The Argumentation Toolkit is a collection of resources designed to help teachers understand and teach scientific argumentation. The resources featured can be adapted to any science content, including topics in energy. The Argumentation Toolkit was developed as part of a research and development project in which we are designing videos and other multimedia tools to support middle school teachers in integrating argumentation into their classroom across reading, writing and talking. This project, Constructing and Critiquing Arguments in Middle School Science Classrooms, is a collaboration between the Lawrence Hall of Science and Boston College, and is supported by a grant from the National Science Foundation (DRL-1119584).
From this activity from the How to Smile Collection, learners create a toy that demonstrates the First Law of Thermodynamics or the Law of Conservation of Energy. By stretching the rubber band on the toy differently, learners explore the effects of potential energy on kinetic energy. The activity webpage from the Children’s Museum of Houston includes a fun how-to video for learners and educators.
Energy: A Multidisciplinary Approach for Teachers (EMAT) is an online course for high school science teachers. We developed it for teachers, but it’s chock full of resources that teachers might use with high school students.
Energy ideas are fundamental to all areas of science. Our goal is to help teachers learn more about energy ideas and, in turn, help their students understand energy, too. When our kids understand key energy concepts, they will be better prepared to actively participate as citizens in making energy decisions as part of our rapidly changing economy.
Register with the Rise learning management system (it’s free) and then choose EMAT from the course catalog.
There are six units in the EMAT course:
Each unit helps teachers learn key energy concepts and think about how to help students learn key energy concepts. As part of the course, there are a variety of materials to help both students and teachers:
Animations—short animated videos that showcase important science and energy concepts
Interactive Learning Experiences—interactive and fun opportunities to explore scientific ideas related to energy
Classroom Videos—see how other teachers have engaged their students in teaching complex ideas related to energy
In this video, Ryan Morra, Professional Learning Coordinator at Shelburne Farms in Vermont traces the energy and processes involved in making cheese all the way back to the Sun as an energy source. By applying the idea of energy transfer to the real-life scenario of how cheese is made, teachers can then choose to actually make cheese with their students in the classroom. (3:11 minutes)
In this video, learn how to slow down conversations and elicit deeper thinking and listening in small group discussion using a protocol designed for more focused conversations. This protocol is ideal for exploring a topic and giving voice to each person in the group in a step-by-step process that allows for more reflective listening and thinking.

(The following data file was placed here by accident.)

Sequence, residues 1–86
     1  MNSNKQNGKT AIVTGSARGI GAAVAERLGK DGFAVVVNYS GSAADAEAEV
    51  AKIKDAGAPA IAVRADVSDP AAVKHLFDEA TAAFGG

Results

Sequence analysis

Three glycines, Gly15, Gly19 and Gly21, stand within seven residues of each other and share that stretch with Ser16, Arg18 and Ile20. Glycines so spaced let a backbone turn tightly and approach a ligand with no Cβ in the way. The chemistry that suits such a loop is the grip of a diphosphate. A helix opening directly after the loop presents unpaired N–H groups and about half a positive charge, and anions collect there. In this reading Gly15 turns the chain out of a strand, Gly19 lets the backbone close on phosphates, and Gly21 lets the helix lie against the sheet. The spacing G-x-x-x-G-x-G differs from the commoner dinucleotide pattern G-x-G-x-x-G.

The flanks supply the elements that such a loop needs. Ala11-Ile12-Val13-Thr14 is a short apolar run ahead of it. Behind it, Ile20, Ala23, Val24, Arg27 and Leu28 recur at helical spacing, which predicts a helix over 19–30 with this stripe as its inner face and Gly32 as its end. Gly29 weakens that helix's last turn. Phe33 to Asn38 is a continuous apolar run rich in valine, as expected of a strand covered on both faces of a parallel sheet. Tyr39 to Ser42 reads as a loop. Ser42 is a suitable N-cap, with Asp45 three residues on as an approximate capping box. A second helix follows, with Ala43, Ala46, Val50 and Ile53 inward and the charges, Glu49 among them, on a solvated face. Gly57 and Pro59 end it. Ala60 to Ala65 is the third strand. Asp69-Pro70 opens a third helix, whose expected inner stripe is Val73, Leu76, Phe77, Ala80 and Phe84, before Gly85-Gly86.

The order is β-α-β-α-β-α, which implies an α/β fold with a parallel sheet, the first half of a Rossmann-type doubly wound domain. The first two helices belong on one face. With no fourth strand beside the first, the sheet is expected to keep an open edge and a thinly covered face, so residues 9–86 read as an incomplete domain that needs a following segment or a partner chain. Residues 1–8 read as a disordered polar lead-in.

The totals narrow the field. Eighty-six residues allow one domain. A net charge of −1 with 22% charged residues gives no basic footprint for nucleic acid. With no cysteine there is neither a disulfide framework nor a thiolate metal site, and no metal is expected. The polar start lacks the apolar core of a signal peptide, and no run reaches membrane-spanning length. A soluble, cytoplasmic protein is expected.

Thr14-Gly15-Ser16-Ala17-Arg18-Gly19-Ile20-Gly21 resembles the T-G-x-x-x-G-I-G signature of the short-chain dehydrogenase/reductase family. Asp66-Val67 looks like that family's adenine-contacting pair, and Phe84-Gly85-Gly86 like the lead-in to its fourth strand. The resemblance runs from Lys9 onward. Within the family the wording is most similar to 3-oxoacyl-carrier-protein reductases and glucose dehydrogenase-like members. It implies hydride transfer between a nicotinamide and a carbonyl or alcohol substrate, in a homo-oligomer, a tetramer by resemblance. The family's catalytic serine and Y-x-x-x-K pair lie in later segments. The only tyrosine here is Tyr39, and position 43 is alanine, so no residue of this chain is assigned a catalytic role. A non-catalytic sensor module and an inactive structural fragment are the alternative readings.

In this video, learn an approach that allows for more respectful and equitable discussion, one that provides a structure for people to share and deepen their understanding of each other’s ideas and perspectives using a Talking Dyad Stick.
Teaching Channel is a thriving online community where teachers can watch, share, and learn diverse techniques to help every student grow.
“So great to see good instructions live with kids. There are lots of resources linked with each lesson on the site.”
In terms of content related to energy, see these highlighted resources:
Energy Across the Disciplines: Students design Rube Goldberg machines to study energy transfers and energy transformations. The teacher uses the machines to help students make connections between flow of energy in ecosystems of life science with that of physical energy to then discuss conservation of energy and how that is reflected across different disciplines of science.
Potential Energy: Problem Solving Skills: A lesson introducing middle school students to the idea of potential energy. Students work through text with background information on potential energy before working with simulations calculating the amount of potential energy in different scenarios in small groups to further their understanding.
Exploring Real World Energy Transformations: Lesson with stations and identifying energy transformations and transfers using real world examples students are familiar with
STEM Activity: Heat Loss: In this fun activity, students build a house and then measure the amount of heat loss within the structure. After making adjustments in “insulation”, students measure the amount of heat loss again, prompting further discussion on home energy efficiency
BEETLES stands for “Better Environmental Education, Teaching, Learning & Expertise Sharing” and is based at the Lawrence Hall of Science, University of California at Berkeley. The site focuses on experiential learning approaches, primarily for field instructors and outdoor education, but also for classroom educators as well. You’ll find lessons and associated video segments that demonstrate the lessons that center. The lessons are centered around beetles as a science topic for discovery. Also note the great questioning strategies the facilitators use to foster deeper discussion.